“Germany approves bill curbing online hate crime, fake news,” by Kirsten Grieshaber, Associated Press, April 5, 2017:
The U.S. could be vulnerable in the face of the threat posed by nuclear-capable Russian cruise missiles deployed by Moscow last month, according to the head of the U.S. Strategic Command.
Air Force Gen. John Hyten, who was the chief commander of the U.S. missile and nuclear warhead arsenal, told members of Congress Tuesday that Moscow's deployment last month of at least two battalions of the SSC-8 cruise missile, also called the RK-55 Relief, violated a 1987 arms treaty and put most of Europe at risk. Hyten told the Senate Armed Services Committee that Moscow's latest move left the U.S. and its NATO allies off guard.
"We have no defense for it, especially in defense of our European allies," Hyten told the Senate Armed Services Committee, according to the Agence France-Presse. "That system can range and threaten most of the continent of Europe depending on where it is deployed. ... It is a concern and we're going to have to figure out how to deal with it as a nation."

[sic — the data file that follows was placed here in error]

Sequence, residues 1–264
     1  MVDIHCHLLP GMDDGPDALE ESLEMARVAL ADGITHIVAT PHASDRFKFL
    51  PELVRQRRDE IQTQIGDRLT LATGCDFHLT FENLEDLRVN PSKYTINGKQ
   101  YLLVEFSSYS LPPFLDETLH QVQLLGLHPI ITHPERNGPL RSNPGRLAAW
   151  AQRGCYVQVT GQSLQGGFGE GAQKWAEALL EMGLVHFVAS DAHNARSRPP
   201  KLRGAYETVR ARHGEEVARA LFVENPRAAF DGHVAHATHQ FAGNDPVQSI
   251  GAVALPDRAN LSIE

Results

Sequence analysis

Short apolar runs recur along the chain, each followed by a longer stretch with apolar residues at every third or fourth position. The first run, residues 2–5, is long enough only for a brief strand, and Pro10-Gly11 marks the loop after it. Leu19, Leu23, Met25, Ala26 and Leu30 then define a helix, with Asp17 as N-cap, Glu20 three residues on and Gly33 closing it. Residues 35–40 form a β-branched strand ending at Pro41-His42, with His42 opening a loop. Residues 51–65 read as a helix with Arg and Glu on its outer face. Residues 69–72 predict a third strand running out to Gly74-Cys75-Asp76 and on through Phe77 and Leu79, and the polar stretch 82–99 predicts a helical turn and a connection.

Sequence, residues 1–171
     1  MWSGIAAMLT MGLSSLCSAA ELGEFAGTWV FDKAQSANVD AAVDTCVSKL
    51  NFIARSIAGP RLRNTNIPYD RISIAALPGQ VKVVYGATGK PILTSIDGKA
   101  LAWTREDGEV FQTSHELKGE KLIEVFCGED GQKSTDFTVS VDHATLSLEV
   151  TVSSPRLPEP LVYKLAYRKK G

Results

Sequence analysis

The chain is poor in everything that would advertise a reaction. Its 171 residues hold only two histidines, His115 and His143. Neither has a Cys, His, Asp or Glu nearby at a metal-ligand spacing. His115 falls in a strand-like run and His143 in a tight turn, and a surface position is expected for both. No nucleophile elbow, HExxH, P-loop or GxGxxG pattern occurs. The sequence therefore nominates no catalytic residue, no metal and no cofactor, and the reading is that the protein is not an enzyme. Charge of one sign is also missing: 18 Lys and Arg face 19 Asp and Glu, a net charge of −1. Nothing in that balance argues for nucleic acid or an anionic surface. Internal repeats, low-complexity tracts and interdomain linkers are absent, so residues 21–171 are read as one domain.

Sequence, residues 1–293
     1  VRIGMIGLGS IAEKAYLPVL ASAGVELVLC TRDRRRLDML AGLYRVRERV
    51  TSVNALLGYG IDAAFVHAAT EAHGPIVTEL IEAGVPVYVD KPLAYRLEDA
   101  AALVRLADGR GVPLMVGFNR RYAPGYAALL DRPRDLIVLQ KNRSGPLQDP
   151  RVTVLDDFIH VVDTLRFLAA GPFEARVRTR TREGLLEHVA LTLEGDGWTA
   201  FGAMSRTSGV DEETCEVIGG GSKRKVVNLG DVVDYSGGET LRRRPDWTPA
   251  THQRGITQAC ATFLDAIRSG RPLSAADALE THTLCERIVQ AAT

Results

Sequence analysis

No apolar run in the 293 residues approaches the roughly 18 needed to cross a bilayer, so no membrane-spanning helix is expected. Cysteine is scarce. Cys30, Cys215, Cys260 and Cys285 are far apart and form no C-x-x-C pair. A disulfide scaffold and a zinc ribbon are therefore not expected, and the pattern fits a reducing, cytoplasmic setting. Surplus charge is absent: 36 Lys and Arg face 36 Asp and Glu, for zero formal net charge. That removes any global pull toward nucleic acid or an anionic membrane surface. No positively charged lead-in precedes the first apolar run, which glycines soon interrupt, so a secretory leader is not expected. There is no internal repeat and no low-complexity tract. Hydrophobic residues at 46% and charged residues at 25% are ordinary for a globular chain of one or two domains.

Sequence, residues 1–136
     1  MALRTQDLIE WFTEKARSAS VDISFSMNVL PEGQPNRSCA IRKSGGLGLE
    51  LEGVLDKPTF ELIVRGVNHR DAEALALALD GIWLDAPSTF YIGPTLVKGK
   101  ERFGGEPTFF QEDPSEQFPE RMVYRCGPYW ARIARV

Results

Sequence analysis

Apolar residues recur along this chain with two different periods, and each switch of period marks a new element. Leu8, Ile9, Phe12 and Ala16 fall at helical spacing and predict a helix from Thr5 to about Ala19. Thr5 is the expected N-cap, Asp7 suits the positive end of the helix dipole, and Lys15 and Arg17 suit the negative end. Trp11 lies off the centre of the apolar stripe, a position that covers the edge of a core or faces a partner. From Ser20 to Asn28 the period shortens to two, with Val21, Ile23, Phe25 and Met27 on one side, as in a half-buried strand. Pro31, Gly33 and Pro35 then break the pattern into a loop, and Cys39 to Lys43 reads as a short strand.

The ground-launched missiles could be fitted with nuclear warheads and had a range of at least 1,200 miles, according to Popular Mechanics. They were reportedly similar to the Kalibr cruise missiles that have been fitted on a number of Russian warships and submarines. At least two battalions of SSC-8 cruise missiles were deployed in the southern Russian city of Volgograd and another unknown location, according to a report by The New York Times. The missile was reportedly tested as far back as 2008 and Russia pursued its production despite protests from the administration of former President Barack Obama.
Last month, Vice Chairman of the U.S. Joint Chiefs of Staff Air Force Gen. Paul Selva said Russia's deployment of the SSC-8 was a threat to U.S. and allied facilities in Europe. His remarks came after U.S. officials said in January that the missiles violated the "spirit and intent" of the 1987 Intermediate-Range Nuclear Forces Treaty signed between the U.S. and the Soviet Union. Moscow has argued that the SSC-8 does not break the agreement, according to Defense News, and has charged the U.S. and NATO with threatening Russia's national security through its own military build-up along Russia's borders.